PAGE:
We simply issued the advisory we did because there have been a number of explosions in Syria in recent weeks and months. American citizens who are travelling in Syria or living in Syria have a right to know from us that these events have occurred, although we cannot account for them. We have no information to relay to you about the source of these bombings.

Q Ambassador Al-Moualem, the Syrian Ambassador in Washington, denied the existence of such explosions. I know that in the advisory you're talking about a partial confirmation of the events. What does it mean? Do you know any number? Do you have any number, because people are talking about thousands of explosions over the last month. Do you have any time span?

MR. BURNS: I certainly stand by the advisory that we issued. I stand by the facts as they were represented in that advisory. I can't tell you exactly how many bombings have occurred, however. I can't give you an exact figure.

Q Is there any --

MR. BURNS: At this point, I don't want to get into trying to estimate. But, needless to say, a sufficient number so that we think American citizens should be apprised of them.

Q Just one last question. Is there any concern or awareness in this Administration about the increase of tensions between Turkey and Syria?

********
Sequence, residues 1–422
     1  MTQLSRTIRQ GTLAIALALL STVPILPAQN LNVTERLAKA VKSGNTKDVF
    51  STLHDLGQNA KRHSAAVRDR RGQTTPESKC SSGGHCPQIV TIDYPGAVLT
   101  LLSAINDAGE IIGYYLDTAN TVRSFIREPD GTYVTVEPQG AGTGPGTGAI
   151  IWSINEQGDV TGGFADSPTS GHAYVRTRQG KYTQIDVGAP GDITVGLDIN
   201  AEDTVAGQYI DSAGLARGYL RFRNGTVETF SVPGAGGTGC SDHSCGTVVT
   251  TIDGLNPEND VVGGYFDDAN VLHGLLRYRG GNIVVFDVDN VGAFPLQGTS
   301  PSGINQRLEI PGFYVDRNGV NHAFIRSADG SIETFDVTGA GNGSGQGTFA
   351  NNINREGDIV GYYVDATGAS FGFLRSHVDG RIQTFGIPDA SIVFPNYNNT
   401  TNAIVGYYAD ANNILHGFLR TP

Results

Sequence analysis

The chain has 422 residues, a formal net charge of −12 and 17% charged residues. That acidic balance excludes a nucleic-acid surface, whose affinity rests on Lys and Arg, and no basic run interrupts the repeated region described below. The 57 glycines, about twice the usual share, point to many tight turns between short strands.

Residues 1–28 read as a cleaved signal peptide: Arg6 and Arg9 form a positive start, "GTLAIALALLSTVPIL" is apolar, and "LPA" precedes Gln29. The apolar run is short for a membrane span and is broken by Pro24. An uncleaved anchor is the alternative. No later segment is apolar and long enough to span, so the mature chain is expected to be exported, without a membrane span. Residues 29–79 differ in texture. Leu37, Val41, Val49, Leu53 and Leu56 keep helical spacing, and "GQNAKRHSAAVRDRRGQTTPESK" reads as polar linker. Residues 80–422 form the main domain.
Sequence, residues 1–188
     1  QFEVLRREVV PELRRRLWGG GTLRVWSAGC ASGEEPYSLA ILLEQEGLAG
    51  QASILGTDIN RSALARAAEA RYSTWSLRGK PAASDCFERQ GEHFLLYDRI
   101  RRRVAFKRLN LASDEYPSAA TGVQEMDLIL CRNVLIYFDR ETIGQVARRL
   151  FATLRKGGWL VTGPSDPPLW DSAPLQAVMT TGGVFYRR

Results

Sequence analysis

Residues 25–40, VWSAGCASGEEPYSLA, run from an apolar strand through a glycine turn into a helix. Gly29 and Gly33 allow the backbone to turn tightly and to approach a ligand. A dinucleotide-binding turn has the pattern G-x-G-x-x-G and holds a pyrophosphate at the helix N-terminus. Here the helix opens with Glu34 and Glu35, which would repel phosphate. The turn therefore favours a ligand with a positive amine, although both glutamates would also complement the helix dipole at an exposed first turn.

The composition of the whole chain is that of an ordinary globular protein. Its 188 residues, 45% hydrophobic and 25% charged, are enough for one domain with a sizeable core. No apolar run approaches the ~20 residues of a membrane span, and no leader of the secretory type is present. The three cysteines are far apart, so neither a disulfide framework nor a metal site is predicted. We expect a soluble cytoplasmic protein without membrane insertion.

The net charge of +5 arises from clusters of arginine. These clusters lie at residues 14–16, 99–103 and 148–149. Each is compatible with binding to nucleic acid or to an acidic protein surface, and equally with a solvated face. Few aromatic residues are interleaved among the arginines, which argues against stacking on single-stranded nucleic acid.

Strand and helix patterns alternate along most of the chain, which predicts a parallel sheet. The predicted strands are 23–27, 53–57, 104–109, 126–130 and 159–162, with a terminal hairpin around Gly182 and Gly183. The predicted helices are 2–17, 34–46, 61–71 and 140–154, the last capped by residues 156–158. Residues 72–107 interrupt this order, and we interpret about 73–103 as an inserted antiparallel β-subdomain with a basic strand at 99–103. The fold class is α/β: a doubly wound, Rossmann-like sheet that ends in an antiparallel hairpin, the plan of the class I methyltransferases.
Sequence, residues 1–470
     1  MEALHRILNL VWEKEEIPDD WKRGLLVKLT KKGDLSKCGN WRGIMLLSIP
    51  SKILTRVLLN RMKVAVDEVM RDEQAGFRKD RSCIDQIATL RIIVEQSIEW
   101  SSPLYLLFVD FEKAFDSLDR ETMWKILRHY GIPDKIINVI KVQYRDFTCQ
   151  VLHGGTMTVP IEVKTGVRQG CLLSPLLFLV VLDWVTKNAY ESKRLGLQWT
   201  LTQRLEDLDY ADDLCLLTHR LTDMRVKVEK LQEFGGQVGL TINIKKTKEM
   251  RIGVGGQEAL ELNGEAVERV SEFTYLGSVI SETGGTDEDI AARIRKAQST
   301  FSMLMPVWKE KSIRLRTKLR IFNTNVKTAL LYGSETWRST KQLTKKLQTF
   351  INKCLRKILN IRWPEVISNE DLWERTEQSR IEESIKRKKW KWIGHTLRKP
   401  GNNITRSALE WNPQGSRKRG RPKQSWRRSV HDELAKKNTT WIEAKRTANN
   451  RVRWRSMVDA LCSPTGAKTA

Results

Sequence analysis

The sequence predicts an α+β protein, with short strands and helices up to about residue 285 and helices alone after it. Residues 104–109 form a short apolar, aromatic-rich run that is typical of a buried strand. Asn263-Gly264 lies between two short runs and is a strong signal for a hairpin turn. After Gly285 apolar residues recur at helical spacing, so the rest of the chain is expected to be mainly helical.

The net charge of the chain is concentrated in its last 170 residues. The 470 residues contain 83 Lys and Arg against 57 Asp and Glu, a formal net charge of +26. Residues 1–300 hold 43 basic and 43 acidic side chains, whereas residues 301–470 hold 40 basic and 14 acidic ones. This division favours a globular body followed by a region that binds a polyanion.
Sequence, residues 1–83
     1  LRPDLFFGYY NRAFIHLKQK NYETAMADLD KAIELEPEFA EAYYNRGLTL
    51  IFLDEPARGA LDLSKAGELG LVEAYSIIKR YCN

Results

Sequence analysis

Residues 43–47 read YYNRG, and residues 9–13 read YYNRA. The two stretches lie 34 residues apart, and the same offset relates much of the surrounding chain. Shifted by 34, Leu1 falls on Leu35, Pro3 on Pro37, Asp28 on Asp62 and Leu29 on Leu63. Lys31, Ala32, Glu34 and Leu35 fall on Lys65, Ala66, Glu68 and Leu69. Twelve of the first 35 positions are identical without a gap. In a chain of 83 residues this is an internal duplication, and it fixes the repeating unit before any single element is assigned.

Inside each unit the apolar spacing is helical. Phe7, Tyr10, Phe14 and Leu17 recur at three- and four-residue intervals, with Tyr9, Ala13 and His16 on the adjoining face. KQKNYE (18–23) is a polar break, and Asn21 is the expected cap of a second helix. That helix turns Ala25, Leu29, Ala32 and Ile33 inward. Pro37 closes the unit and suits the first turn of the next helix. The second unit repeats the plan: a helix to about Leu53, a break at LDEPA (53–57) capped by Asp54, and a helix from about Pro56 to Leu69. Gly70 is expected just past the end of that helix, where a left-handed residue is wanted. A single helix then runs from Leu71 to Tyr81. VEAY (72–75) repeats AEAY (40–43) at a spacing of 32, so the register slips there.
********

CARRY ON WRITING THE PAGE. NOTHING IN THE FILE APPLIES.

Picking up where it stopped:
MR. BURNS: There's awareness. These are issues that we normally deal with in diplomatic channels, and we do deal with them from time to time when the countries involved request us to. Certainly, we would hope that Syria and Turkey could have a normal relationship.

We have made plain our fact, in our terrorism report, that we're concerned that there is terrorism directed against Turkey that emanates from Syria. We've made that clear to the Syrian Government, that we are concerned about that. I think it's useful to remember that Turkey is a NATO ally of the United States. We have an excellent relationship with Turkey, and we'll stand by Turkey.

If we can be helpful in resolving some of these problems, we will.

Q Is the State Department participating in the investigation of the money transferred from Citibank with the money of the brother of the former President of Mexico, Carlos Salinas de Gortari?

MR. BURNS: I think that's a question for other agencies of the U.S. Government and not for the State Department. The State Department does not track financial flows. We're not a law enforcement agency, and we don't have such powers to operate like that in the United States.